LGBT: The Letters

About 10 years ago there was a major push to change the letters from GLBT to LGBT.  My podcast did not follow suit at the time.  This change was brought about due to “gay” not being meant to mean “gay women.”  It should only mean “gay men”.  Therefore, we put the L ahead of the G so that there was no mistaking lesbians for gay men.  To me, it was left wing, politically correct bullshit.  I’m happy with those letters.

  • GLBT (old) – Gay, Lesbian, Bisexual, Transgender
  • LGBT (standard) – Lesbian, Gay, Bisexual, Transgender
  • LGBTQ (HRC) – Lesbian, Gay, Bisexual, Transgender, Queer/Questioning
  • LGBTIA – Lesbian, Gay, Bisexual, Transgender, Intersex, Asexual
  • LGBTIQQ – Lesbian, Gay, Bisexual, Transgender, Intersex, Queer, Questioning

In the last few months, I started watching “I Am Jazz” on TLC.  This trans female speaks a lot at Human Rights Campaign (HRC) functions.  I noticed her using LGBTQ.  I certainly knew about what Q means.  Queer.  I hate that word.  I would rather be called a fag.  They’re both offensive words and don’t deserve a letter in our togetherness acronym [so coined here].

In some of the other variations, we see things like questioning, asexual, and intersex being added.  That is nice.  We should include everyone.  Remember, people don’t ask to be a part of the togetherness acronym, but are just stuck on there.  Does it mean that we have to like each other?  No.  Does it mean that we even have something in common?  Yes.  We are outside of the societal norm in regards to our sexuality.  That includes sexual orientation, gender identity, and gender expression.

In many ways, it says that “we are not with you.”  That is a bad way to look at it, but completely valid.  The folks paid to do this would say that we need the letters to show how we are fighting together to get things to change.  That is also valid.  I just think we need to look at all sides of the topic.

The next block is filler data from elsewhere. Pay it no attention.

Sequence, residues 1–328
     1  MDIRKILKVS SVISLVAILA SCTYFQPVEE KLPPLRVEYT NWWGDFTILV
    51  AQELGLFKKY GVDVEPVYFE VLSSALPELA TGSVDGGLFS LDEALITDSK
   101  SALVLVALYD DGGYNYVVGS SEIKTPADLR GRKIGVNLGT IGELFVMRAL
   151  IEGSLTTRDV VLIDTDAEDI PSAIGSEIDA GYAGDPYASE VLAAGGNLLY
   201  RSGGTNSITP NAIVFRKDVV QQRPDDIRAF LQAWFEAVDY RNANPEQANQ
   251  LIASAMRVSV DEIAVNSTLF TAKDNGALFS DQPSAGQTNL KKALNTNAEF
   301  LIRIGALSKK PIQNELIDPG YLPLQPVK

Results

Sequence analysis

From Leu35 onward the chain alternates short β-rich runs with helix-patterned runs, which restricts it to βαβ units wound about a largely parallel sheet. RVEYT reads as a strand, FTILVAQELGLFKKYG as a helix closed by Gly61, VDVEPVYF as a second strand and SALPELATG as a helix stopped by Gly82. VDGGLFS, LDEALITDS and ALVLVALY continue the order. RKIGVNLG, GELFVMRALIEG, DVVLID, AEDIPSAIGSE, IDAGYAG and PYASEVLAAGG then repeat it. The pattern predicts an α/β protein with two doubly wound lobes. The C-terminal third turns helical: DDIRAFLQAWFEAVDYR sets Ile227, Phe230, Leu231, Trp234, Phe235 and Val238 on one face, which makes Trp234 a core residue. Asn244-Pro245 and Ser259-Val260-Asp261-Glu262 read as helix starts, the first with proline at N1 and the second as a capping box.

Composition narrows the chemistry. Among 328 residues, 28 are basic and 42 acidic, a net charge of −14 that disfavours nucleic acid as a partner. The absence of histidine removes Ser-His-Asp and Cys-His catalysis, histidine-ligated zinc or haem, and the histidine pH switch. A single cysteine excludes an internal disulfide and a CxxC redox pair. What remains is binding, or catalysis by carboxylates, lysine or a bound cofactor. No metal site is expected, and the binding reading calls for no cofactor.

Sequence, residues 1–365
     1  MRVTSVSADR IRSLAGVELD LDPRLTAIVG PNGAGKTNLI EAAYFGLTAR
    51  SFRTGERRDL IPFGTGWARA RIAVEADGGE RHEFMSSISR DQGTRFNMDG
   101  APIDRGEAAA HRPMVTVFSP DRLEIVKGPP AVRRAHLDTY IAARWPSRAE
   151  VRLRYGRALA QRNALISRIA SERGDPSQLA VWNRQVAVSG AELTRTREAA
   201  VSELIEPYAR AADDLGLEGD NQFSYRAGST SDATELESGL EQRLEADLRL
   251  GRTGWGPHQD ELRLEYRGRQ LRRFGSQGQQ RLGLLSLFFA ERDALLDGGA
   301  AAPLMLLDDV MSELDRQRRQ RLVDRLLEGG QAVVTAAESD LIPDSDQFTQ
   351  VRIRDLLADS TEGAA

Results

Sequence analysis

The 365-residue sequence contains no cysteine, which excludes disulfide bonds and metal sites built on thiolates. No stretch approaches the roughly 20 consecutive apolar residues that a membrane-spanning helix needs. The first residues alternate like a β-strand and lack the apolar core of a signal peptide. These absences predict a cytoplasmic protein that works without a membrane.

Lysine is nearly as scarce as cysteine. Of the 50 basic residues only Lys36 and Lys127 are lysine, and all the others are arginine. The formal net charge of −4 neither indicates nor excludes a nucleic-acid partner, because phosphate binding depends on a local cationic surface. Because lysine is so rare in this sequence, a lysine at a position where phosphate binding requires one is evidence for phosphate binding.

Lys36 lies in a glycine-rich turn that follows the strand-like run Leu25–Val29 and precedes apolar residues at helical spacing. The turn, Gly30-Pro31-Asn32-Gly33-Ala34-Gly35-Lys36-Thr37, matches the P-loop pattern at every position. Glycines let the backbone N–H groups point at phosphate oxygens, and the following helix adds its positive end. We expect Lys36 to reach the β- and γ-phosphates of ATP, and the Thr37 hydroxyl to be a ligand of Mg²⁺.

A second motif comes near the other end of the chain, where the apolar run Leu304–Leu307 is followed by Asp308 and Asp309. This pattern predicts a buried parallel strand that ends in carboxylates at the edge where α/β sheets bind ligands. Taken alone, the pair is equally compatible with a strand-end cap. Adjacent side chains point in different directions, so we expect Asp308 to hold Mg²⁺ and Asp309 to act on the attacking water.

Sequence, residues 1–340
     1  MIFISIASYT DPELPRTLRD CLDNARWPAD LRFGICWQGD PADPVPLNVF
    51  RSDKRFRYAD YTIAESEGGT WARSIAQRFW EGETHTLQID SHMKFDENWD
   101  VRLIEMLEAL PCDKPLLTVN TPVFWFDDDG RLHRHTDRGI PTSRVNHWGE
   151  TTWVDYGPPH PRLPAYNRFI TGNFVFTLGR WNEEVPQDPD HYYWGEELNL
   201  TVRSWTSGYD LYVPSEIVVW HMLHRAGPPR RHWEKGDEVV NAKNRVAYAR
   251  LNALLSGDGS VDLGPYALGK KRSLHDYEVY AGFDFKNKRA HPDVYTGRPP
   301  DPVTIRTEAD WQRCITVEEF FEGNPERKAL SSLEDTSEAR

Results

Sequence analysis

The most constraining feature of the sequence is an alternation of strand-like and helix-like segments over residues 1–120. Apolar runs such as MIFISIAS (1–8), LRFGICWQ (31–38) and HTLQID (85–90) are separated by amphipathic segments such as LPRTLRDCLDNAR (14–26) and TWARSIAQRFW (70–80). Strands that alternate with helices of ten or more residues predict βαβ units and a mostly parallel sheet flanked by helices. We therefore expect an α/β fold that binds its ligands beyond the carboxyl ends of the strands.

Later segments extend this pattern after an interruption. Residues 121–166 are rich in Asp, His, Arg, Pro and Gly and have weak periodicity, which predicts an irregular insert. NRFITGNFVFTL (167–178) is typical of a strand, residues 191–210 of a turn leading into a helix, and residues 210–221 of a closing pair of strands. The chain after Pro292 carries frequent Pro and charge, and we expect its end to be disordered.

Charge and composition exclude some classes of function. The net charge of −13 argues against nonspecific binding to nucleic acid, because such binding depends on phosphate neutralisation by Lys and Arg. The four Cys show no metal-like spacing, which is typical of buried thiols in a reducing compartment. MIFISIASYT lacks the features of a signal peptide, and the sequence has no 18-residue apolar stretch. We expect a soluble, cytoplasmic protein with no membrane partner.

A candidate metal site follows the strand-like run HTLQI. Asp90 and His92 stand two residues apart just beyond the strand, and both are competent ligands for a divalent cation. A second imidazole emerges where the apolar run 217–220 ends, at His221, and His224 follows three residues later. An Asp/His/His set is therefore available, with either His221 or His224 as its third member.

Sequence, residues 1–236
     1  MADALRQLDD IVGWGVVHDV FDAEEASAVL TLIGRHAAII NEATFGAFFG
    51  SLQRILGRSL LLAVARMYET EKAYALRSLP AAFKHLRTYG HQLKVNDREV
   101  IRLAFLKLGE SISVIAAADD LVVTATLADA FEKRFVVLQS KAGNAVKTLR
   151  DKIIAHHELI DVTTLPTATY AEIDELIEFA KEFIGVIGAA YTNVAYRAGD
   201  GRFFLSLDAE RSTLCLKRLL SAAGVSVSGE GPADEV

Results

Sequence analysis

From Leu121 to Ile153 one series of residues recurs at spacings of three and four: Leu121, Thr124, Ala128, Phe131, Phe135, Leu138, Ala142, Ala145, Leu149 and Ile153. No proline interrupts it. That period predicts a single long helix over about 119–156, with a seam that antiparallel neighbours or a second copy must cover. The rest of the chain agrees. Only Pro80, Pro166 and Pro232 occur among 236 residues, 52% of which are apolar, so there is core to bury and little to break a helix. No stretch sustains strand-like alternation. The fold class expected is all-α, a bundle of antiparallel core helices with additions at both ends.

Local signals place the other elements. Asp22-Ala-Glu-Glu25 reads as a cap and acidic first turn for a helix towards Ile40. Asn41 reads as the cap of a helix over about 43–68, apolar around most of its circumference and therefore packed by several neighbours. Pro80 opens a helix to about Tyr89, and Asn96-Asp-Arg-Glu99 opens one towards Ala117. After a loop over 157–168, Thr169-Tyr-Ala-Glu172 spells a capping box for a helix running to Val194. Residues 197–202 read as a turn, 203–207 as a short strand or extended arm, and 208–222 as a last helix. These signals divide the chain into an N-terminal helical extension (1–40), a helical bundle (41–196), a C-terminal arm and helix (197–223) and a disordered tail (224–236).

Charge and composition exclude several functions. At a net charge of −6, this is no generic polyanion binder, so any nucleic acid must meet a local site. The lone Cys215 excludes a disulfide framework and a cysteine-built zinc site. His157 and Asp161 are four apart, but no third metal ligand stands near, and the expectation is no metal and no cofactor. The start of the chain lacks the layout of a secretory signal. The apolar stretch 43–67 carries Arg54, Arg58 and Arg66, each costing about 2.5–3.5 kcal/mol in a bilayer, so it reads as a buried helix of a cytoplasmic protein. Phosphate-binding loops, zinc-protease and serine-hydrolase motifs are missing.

I look at the letters as a rallying cry.  It binds us to the fight against mistreatment and discrimination.  Let’s stick to one set of letters that Donald Trump can pronounce.  LGBT is hard enough to remember for most non-LGBT people.  We welcome everyone, but need a togetherness acronym that we can all remember.

One thought on “LGBT: The Letters

  1. I understand that LGBT is to help with anti-discrimination, just as the NAACP was formed to fight for African American rights. And with all the hatred in this world rights need protected. But why can’t we all just be people? Human beings? Despite what we are inside or out. Labels wreak back to Hitler and Nazism and we know what that led to. For Gods sake we are all people! It’s the 21st century, we really need to learn to go beyond labels and accept each other as human!

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